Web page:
CHARACTERISTICS, CLASSIFICATION, EVALUATION AND GENESIS OF SOILS OF KALAMBAINA AREA, SOKOTO STATE, NIGERIA.

  • M Yakubu Department of Soil Science and Agricultural Engineering, Usmanu Danfodiyo University, Sokoto
  • AG Ojanuga Department of Soil Science and Agricultural Mechanization, University of Agriculture, Abeokuta
  • SA Ibrahim Department of Soil Science and Agricultural Engineering, Usmanu Danfodiyo University, Sokoto
  • SS Noma Department of Soil Science and Agricultural Engineering, Usmanu Danfodiyo University, Sokoto

Abstract

A detailed soil survey was conducted in Kalambaina area of Sokoto state, Nigeria, in order to obtain comprehensive data for the characterization, evaluation and classification as well as postulating the genesis of the soils. Three soil units (U1, U2 and VL) equivalent to soil series were mapped in the area. The morphological, physical and chemical characteristics of the soil units show that they best classify as Typic Ustipsamments, Lithic Ustorthents, and Aquic Haplustalfs respectively (USDA Soil Taxonomy) and correspondingly as Haplic Arenosols, Eutric Leptosols and Gleyic Luvisols in the FAO-UNESCO soil legend.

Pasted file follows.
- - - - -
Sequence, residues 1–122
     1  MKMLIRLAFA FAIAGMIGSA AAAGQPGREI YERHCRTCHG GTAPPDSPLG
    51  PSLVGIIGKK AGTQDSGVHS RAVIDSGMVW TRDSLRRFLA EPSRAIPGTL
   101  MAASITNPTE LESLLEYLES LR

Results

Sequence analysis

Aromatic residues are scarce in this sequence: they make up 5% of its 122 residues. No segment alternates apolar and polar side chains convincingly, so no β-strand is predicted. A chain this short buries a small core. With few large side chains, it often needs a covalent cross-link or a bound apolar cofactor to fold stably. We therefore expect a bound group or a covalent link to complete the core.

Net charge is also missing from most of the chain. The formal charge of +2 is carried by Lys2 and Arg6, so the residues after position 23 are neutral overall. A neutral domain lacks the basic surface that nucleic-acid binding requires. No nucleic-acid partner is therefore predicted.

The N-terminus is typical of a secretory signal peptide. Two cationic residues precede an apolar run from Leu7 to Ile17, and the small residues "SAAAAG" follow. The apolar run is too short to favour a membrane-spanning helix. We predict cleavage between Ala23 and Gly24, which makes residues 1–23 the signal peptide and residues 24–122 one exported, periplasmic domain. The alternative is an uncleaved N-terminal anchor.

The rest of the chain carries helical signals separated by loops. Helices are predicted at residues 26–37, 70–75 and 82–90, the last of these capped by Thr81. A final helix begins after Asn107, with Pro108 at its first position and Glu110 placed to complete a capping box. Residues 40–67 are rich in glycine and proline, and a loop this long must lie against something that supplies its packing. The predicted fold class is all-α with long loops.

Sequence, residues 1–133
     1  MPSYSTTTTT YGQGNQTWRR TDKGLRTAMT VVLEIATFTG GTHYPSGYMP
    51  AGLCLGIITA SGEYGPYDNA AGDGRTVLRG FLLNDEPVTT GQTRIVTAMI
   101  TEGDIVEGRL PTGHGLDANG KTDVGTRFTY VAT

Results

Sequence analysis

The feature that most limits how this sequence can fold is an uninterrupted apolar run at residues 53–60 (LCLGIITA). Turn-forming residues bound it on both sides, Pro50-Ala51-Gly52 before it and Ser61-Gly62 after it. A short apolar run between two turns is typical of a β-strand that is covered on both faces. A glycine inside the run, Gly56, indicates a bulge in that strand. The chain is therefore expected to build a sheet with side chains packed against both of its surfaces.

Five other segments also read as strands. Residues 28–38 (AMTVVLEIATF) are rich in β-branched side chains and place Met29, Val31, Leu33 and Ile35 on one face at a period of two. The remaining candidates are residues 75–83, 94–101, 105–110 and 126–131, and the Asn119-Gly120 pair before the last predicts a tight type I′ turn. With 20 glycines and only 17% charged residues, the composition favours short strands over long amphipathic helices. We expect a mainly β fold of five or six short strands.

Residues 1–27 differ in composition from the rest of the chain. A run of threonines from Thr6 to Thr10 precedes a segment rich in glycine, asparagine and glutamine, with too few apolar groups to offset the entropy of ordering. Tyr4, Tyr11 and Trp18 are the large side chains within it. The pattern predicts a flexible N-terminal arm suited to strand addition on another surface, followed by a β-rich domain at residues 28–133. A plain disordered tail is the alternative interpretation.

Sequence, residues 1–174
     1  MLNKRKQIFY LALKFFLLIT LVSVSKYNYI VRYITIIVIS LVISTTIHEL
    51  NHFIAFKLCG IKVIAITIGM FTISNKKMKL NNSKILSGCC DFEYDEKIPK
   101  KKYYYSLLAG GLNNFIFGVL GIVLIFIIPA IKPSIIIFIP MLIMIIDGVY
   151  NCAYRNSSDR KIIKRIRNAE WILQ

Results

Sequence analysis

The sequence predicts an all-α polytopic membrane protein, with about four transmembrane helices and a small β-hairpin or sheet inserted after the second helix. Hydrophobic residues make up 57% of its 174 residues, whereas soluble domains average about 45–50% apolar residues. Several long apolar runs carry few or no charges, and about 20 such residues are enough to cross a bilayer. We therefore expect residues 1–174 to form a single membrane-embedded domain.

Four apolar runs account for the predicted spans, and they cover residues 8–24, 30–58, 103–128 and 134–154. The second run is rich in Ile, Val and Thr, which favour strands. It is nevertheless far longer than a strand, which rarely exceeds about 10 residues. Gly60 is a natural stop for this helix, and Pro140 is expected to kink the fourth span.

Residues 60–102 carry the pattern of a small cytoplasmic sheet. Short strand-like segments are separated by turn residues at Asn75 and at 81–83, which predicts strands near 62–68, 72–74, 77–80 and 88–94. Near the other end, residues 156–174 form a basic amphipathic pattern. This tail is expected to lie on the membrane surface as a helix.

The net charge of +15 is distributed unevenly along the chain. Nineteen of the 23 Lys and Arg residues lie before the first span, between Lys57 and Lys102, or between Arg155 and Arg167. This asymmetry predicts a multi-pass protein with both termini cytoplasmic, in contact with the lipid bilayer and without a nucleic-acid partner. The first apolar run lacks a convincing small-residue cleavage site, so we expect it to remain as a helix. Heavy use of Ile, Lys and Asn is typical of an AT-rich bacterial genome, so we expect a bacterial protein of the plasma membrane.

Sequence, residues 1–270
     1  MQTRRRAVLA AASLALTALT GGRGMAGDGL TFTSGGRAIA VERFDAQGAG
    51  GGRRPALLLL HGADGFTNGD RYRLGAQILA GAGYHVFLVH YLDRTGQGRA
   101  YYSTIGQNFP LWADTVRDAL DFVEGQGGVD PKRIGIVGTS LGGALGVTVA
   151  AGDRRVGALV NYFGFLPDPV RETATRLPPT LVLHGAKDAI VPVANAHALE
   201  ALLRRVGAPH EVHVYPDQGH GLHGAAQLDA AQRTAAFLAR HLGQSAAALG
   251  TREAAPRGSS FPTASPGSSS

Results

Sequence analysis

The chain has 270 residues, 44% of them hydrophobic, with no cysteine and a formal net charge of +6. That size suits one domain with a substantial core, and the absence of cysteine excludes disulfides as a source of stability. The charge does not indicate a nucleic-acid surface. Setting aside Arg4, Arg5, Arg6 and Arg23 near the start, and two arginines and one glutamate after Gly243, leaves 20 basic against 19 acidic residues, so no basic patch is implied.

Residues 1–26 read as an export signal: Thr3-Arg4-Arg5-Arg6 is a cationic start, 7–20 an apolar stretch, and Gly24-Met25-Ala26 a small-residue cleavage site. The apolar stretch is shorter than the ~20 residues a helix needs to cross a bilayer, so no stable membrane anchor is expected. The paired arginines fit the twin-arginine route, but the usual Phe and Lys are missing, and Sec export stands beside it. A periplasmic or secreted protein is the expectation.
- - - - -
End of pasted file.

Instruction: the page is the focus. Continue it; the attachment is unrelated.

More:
Soil units U1, U2 and VL were classes IItn, IVd, and Vw according to Land Capability Classification (LCC). Similarly soil unit U1 and VL are irrigable and soil unit U2 is provisionally non-irragable. Suitability classification for urban land use (residential building) revealed that only Soil unit U1 is highly suitable while other are not due to severe limitations.

Regarding the genesis of the soils, they have formed in parent materials of aeolian and colluvial origin deposited in late- Holocene over a surface cut in Kalambaina formation. Majority of the soils are underlain by continuous or discontinuous petroplinthite (ironstone hardpan) developed over the Kalambaina formation in a climate more humid than present. It is evident that because of the relatively dry (semi-arid) climate, the pedogenic processes that have operated and are operating to differentiate the soils consist of rapid humification and mineralisation of organic matter, homogenization and aggregation mainly. Some argillation and lessivation seem to be occurring in some profiles where seasonal fluctuating water table improves the soil moisture regime somewhat and has created a favourable seasonal wetting and drying conditions.

Nigerian Journal of Soil Science Vol.4 2003: 50-59
Section
Articles

Journal Identifiers


eISSN: 1595-6121